Down the Rabbit Hole
The weird, ever-evolving world of ARGs
Dan Hon used to start his day like any other law student at Cambridge University. While getting ready for class, he'd check his e-mail, voice mail, maybe do a little preclass preparation. One day while preparing for his finals, he came across the trailer for Steven Spielberg's movie Artificial Intelligence: A.I. and noticed something peculiar in the credits. "Sentient Machine Therapist Jeanine Salla" was listed in between "Costume Designer Bob Ringwood" and "music by John Williams." Finding a machine therapist an odd occupation, Hon decided to Google her name and came up with a surreal website concerning Salla, her life, and her employers. He researched some more, made phone calls, sent e-mails, and eventually found clues, patterns, a game called The Beast, and information all leading to a struggle for robot rights in the year 2142. Though Hon's pattern findings and belief in alternate worlds may sound like a textbook case of paranoid schizophrenia, the alternate reality games industry calls Hon's seemingly mistaken discovery the act of "falling down a rabbit hole." The year was 2001 when Hon first fell, and he subsequently abandoned his law profession to begin Six to Start, an ARG company.
"The Beast was a big deal; it was the first time anything had been done like that before," says Hon. "It appeals to people's inquisitive nature. It's out of kilter; you want to work out what's going on. I found something much more interesting to do than study for law school."
Be it out of boredom or an inquisitive nature, ARGs and other reality-based game genres are popping up worldwide, cleverly cloaked in our everyday lives. The advent of this past decade saw innovative game ideas sprouting like mushrooms in a garden, each one manifesting in a different form and with a different purpose, and many were virtually unnoticed. It's been seven years since Hon first fell down the rabbit hole, and it not only changed the path of the game; it changed his life.
Six to Start is Hon's game company, but it requires no form of console to play it. You don't need an Xbox 360 or a PlayStation3 to play STS The Ministry, and you could possibly go without a computer. What you do need is a curious mind, good researching skills, and the more technical devices the merrier. How do you find a game? You simply pay attention.
"It's a new way of telling stories, but more interactive and less passive than a movie," says Hon. "You can use Google websites. Say you need to find something about a person or group of individuals and, bam! You're in."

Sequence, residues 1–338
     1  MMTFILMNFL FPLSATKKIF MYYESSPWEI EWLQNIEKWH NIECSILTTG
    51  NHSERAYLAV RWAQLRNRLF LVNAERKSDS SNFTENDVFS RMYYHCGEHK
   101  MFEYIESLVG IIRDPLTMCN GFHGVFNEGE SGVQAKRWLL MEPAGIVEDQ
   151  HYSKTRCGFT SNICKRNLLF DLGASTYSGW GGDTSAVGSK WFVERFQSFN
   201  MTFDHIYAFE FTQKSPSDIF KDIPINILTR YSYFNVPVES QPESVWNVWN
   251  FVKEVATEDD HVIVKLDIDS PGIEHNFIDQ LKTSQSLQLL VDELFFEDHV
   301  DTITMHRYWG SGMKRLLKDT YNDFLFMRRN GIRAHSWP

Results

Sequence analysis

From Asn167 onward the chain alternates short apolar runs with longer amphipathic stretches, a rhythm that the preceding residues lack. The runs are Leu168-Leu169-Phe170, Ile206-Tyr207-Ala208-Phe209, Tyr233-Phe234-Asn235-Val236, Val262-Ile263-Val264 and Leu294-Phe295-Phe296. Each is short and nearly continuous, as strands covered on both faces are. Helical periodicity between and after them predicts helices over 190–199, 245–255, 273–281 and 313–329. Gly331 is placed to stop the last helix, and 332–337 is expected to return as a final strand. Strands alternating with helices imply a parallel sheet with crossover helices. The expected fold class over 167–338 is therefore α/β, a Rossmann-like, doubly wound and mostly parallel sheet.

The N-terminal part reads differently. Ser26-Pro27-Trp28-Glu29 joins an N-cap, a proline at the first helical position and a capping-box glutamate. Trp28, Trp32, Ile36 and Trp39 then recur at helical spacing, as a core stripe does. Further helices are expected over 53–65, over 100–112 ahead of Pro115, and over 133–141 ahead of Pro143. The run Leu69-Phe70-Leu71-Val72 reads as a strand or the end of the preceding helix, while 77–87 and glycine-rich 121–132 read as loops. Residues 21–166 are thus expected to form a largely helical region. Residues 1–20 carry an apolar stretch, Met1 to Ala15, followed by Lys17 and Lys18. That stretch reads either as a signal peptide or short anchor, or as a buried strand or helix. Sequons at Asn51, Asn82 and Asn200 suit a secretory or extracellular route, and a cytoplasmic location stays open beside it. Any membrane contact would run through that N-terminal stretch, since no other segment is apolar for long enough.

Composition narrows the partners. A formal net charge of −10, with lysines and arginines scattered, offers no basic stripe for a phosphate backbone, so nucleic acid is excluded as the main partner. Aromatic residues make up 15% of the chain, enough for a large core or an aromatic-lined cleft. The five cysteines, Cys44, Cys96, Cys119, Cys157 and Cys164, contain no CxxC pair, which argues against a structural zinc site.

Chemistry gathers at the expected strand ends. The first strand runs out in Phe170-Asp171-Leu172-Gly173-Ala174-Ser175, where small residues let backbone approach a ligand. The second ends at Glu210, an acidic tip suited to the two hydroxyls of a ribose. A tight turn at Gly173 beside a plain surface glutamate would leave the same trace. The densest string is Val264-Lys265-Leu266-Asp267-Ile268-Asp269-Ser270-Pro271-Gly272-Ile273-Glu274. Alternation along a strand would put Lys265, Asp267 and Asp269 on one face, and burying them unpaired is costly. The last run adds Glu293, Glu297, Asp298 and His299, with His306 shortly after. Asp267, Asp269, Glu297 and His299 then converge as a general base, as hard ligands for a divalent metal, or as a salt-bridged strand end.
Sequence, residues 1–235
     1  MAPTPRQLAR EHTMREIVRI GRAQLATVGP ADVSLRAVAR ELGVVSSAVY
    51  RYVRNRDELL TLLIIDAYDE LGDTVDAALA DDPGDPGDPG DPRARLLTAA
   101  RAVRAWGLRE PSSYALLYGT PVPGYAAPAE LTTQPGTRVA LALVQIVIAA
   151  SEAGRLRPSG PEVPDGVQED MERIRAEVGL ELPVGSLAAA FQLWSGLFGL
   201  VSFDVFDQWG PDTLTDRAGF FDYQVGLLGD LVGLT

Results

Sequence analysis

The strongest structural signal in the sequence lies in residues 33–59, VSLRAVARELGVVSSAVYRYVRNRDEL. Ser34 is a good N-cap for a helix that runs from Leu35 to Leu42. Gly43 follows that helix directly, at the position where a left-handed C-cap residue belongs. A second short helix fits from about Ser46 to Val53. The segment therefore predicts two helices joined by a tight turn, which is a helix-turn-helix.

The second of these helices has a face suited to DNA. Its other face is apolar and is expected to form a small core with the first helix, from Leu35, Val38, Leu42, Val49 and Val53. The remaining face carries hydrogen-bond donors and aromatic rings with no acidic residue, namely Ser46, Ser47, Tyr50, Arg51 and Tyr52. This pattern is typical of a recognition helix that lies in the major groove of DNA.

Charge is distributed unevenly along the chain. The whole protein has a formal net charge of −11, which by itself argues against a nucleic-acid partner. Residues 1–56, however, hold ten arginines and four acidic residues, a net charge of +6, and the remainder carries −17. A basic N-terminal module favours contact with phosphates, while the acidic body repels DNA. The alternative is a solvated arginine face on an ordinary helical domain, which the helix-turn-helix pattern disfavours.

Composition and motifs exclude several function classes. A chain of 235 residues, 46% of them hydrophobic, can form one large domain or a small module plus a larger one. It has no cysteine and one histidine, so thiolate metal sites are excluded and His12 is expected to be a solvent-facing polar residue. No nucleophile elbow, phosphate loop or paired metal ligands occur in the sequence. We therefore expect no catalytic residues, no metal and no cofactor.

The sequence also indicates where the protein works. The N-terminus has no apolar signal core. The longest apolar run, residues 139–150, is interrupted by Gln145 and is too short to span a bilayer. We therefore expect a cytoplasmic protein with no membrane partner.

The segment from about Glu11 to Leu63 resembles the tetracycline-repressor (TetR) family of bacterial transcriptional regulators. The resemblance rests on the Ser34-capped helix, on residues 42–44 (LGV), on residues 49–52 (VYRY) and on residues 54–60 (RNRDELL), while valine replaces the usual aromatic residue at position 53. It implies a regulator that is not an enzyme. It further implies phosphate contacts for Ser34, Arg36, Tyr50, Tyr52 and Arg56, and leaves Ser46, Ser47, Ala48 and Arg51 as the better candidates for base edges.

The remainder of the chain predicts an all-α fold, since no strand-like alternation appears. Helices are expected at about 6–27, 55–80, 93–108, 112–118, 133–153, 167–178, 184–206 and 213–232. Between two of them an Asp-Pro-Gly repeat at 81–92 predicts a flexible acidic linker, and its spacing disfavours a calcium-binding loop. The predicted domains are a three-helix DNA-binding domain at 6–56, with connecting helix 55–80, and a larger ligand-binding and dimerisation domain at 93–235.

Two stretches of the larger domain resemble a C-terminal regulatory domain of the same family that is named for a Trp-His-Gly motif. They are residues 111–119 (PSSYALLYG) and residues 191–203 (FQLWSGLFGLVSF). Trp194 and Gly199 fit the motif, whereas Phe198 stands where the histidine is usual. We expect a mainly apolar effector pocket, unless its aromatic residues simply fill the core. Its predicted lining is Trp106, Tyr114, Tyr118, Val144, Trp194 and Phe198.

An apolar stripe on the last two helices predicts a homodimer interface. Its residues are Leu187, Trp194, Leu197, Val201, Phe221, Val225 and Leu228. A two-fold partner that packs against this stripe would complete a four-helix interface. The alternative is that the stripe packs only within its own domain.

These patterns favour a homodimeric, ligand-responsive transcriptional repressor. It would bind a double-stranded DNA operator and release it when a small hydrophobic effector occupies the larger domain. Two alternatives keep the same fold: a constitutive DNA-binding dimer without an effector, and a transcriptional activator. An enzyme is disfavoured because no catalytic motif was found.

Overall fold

The "bam" indicates falling through the rabbit hole. Spielberg's A.I. introduced the first notable worldwide-scale ARG. There were three rabbit holes for The Beast: the trailer-credits one that Dan found; a phone number hidden in another A.I. trailer that, when called, led to information about Jeanine Salla; and the last one was an A.I. promotional poster with an embedded code stating, "Jeanine is the key." After entering the rabbit hole, the player was slowly leaked information to a mystery surrounding Salla in the year 2142, and if the player was intrigued enough, he or she could continue researching information through phone calls, e-mails, conversations with acting characters, and eventually solve the mystery, which was the game.
As the curious-minded were playing The Beast, it was simultaneously being created by a small group in Microsoft's entertainment department. Hon was intrigued to the point that he co-coordinated a group called the Cloudmakers to solve the puzzle; the group peaked at more than 1,000 members and influenced the game to the point that they actually changed the plot's course. After the Cloudmakers finished The Beast, Hon set up shop in the rabbit hole.
"After that, I did some work with Microsoft to put a game together," Hon says. "We were all convinced that this is the evolution of entertainment. We eventually started Six to Start, which is our own ARG company."
So how does a game business survive when its game is free? Through the same people that market the game: advertisers.
"Advertisers are really interested in ARGs; it's really conventional. Interrupted ads aren't as effective as they used to be. People aren't watching commercial ads anymore – with TiVo and the Internet, they can just skip all that. The Beast was simply a marketing promotion for A.I."
Hop across the pond, and there's another company making games that deal with reality; only this time there's no alternate in the genre's title. Based in New York, Games for Change is a resource portal for games dealing with social issues and public concern. The idea is this: All forms of entertainment media can be used for social justice – television has educational programs, and so do satellite radio and the Internet, so what is stopping video games from breaking into the same grounds?
"This is a deeper learning process," says Suzanne Seggerman, president and co-founder of Games for Change. "Games are growing up; they're a young medium, like a similar place that film was in [in] the 1960s. It's all signaling a change, the evolution of games [as] a meaningful, cultural form."